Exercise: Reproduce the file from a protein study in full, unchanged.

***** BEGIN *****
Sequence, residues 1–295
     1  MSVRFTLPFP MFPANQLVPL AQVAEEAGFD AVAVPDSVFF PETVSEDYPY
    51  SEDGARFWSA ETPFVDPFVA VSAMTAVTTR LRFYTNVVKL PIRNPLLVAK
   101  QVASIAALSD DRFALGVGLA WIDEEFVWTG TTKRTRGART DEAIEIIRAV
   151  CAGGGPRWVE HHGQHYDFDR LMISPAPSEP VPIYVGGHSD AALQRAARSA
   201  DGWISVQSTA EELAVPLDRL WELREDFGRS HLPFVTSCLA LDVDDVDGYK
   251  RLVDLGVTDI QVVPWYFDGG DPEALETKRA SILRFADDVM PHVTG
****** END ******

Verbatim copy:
Sequence, residues 1–295
     1  MSVRFTLPFP MFPANQLVPL AQVAEEAGFD AVAVPDSVFF PETVSEDYPY
    51  SEDGARFWSA ETPFVDPFVA VSAMTAVTTR LRFYTNVVKL PIRNPLLVAK
   101  QVASIAALSD DRFALGVGLA WIDEEFVWTG TTKRTRGART DEAIEIIRAV
   151  CAGGGPRWVE HHGQHYDFDR LMISPAPSEP VPIYVGGHSD AALQRAARSA
   201  DGWISVQSTA EELAVPLDRL WELREDFGRS HLPFVTSCLA LDVDDVDGYK
   251  RLVDLGVTDI QVVPWYFDGG DPEALETKRA SILRFADDVM PHVTG